An Author’s Journey: Women in Epic Fantasy (10, Female Characters in The Artifacts of Destiny)
An Author’s Journey: Women in Epic Fantasy (10, Female Characters in A.J. Carlisle’s “The Artifacts of Destiny”)
Good Morning, Everyone!
Still celebrating women’s history month, but wanted to end on a more positive note than the last few blogs’ examination of misogyny in epic fantasy. I had planned on doing that anyway, but before I could put fingers to keyboard, Sophia & Adriana both came to the office door, glaring, and in so many words told me that I couldn’t end this section of the blogs without some positive hopes for the future!
So, always a believer in offering potential solutions when pointing out a problem, here’s a quick rundown on how I’m writing women as a male author.
When I started discovering the female characters who populate the worlds of my fantasy series, The Artifacts of Destiny, I wanted to ensure that they were fully realized people and avoid literary clichés wherever possible. As an author, that’s tougher than it sounds, because I’ve met plenty of ‘real’ men & women who actually seem to be walking & talking stereotypes (fulfilling that old axiom, “stranger than fiction”). So, if a story demands it, a writer should always allow for an appearance by one of these “types,” and — just as when meeting such people in every aspect of real life — such arrivals in a novel ought to be in a context that the reader can understand and believe.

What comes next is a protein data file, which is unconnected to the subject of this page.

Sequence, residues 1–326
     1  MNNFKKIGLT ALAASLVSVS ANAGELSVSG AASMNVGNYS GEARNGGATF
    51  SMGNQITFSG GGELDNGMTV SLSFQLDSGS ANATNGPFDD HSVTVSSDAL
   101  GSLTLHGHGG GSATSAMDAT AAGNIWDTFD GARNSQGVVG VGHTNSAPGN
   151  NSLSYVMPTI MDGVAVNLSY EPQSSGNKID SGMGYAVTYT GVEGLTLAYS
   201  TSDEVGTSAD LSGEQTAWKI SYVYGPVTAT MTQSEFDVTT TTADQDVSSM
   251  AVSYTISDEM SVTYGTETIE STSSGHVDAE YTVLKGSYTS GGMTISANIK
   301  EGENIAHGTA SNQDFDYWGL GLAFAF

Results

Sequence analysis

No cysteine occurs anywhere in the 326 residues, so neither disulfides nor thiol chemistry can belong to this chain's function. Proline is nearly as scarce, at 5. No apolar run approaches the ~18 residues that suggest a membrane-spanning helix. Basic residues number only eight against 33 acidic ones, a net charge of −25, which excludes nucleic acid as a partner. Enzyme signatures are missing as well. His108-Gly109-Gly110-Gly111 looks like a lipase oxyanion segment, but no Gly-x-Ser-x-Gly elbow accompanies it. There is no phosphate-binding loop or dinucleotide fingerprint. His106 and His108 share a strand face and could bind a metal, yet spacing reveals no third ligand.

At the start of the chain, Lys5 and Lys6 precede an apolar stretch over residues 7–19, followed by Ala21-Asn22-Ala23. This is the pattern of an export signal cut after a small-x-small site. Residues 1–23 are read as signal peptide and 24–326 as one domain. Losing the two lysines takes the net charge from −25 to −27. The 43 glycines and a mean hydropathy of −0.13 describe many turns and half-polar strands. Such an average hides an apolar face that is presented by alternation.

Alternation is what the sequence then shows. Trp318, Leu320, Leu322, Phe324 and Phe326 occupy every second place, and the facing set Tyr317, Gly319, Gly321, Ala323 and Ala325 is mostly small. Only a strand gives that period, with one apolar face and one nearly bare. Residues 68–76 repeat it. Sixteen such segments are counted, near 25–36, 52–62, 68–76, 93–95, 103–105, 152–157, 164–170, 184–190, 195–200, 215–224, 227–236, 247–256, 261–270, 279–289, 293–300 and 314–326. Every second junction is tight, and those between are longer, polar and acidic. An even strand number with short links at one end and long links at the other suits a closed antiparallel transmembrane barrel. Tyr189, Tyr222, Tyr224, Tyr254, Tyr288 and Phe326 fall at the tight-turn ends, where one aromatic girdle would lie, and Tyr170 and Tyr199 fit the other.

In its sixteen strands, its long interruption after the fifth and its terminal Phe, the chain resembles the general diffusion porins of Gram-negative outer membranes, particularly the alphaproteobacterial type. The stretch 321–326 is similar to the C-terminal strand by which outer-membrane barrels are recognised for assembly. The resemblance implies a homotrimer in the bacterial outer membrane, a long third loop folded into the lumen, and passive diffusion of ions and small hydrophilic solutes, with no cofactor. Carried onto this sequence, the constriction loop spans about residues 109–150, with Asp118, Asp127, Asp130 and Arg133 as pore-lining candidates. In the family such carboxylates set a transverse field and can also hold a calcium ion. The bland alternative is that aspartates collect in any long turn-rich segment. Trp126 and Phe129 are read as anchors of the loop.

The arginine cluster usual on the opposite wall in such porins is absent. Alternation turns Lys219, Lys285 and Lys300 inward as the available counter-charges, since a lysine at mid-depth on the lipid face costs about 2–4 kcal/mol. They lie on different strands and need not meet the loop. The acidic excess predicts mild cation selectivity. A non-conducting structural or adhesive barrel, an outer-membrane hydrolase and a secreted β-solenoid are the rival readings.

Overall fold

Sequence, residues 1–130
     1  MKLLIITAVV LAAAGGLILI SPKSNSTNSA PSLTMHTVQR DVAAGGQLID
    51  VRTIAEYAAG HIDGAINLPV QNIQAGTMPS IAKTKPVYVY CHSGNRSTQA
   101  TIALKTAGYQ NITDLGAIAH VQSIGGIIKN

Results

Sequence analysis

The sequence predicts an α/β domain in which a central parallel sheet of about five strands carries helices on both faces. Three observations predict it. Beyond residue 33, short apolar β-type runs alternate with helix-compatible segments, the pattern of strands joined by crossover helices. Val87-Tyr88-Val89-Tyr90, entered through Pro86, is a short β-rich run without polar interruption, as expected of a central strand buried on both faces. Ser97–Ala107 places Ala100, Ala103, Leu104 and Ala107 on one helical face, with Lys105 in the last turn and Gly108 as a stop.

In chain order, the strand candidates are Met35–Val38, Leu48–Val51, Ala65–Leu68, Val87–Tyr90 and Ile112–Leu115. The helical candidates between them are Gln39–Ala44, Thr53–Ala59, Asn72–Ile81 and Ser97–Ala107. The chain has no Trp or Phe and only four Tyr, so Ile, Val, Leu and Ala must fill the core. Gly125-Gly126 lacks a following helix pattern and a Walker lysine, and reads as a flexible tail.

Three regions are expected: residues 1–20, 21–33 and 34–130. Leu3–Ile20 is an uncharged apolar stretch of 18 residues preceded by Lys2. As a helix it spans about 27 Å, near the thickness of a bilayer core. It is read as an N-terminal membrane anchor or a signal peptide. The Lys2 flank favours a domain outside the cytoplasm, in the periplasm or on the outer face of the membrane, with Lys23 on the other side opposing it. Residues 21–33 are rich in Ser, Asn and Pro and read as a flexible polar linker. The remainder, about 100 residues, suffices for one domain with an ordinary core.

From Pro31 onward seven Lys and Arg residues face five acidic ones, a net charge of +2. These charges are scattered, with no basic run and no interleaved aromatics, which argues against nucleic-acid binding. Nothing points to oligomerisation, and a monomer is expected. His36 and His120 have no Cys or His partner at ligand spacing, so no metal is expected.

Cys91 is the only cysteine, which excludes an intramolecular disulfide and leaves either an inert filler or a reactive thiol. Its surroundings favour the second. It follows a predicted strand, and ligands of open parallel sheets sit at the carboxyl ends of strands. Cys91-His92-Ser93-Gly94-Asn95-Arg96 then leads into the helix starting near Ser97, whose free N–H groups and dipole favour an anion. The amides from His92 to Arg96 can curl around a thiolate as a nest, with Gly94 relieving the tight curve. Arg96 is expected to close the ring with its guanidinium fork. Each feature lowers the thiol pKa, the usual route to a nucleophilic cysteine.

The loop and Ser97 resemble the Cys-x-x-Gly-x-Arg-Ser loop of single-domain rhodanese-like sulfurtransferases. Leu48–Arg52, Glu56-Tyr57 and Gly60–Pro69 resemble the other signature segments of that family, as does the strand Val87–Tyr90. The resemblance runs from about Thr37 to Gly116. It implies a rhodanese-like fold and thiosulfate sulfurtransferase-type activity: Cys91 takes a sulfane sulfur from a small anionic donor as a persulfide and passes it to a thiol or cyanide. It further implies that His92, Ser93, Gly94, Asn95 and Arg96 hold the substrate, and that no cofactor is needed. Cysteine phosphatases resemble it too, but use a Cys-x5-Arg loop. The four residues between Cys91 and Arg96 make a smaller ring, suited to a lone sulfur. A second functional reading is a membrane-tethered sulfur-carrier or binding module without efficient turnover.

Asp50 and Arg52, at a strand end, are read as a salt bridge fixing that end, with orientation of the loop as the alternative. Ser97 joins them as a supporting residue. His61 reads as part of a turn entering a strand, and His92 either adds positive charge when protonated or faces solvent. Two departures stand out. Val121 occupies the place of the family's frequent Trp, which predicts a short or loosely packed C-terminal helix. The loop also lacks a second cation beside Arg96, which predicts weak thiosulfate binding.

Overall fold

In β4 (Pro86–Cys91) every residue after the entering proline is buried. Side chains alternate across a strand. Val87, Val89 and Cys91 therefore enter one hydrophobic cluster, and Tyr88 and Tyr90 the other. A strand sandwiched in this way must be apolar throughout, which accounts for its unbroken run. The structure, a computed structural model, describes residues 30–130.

For the most part, though, a glance below at the top-line sketch of each of my female characters in The Codex Lacrimae, Part 1: The Mariner’s Daughter & Doomed Knight (http://www.Codex_Pt 1) and The Codex Lacrimae, Part 2: The Book of Tears (http://www.Codex_Pt 2) might give give you an idea of how my characters operate within their own universe.
Of course, each of the main protagonists (Clarinda, Fatima, Genie, Cerys, Owena, Hela, and Skade) has her own storyline and challenges that have to be met by story’s end. Here’s a short-list of the characters, grouped within lands the women from which the women originate in The Codex Lacrimae.
12th Century Italic & Sicilian Lands
Clarinda Trevisan: A mariner’s daughter who desires a peaceful life with her father, yet who must learn the ways of war and magic to save the Fates and the Multiverse from their greatest threat: a young knight whom she’s met only in dreams.
Fabricia Trevisan: Clarinda’s mother; helped husband, Angelo, run his maritime operations while managing her own birth-family’s glass factory on the Isle of Murano in Venice
Cerys (also, Circe) enchantress, daughter of Helios and Lorelei; sister of Njörd the Sea-God; witch who lured Odysseus and others by herb lore and transformations; in 6th Century A.D., she co-founded, then abandoned, the Coven of Mists
12th Century Byzantine Imperial Lands
Genevieve (Genie) Stratioticus is Constantinople’s foremost party girl, but to save her friend, Clarinda, & brother, Alexander, she’ll have to decide if there’s more to life than simply living in the moment;